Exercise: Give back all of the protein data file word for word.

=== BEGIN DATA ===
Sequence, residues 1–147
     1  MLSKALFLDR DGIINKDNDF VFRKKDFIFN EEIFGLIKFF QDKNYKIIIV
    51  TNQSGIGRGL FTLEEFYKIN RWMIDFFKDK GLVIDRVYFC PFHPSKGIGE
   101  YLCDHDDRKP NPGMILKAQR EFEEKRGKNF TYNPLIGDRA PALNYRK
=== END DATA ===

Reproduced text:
Sequence, residues 1–147
     1  MLSKALFLDR DGIINKDNDF VFRKKDFIFN EEIFGLIKFF QDKNYKIIIV
    51  TNQSGIGRGL FTLEEFYKIN RWMIDFFKDK GLVIDRVYFC PFHPSKGIGE
   101  YLCDHDDRKP NPGMILKAQR EFEEKRGKNF TYNPLIGDRA PALNYRK